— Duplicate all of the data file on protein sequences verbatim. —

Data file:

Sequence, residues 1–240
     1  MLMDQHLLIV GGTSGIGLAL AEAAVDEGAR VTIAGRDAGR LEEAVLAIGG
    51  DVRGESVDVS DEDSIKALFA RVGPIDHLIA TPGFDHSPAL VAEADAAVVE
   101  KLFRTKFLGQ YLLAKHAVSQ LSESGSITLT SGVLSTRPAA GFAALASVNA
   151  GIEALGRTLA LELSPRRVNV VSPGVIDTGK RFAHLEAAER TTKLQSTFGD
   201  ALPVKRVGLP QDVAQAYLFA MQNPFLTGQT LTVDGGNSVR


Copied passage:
Sequence, residues 1–240
     1  MLMDQHLLIV GGTSGIGLAL AEAAVDEGAR VTIAGRDAGR LEEAVLAIGG
    51  DVRGESVDVS DEDSIKALFA RVGPIDHLIA TPGFDHSPAL VAEADAAVVE
   101  KLFRTKFLGQ YLLAKHAVSQ LSESGSITLT SGVLSTRPAA GFAALASVNA
   151  GIEALGRTLA LELSPRRVNV VSPGVIDTGK RFAHLEAAER TTKLQSTFGD
   201  ALPVKRVGLP QDVAQAYLFA MQNPFLTGQT LTVDGGNSVR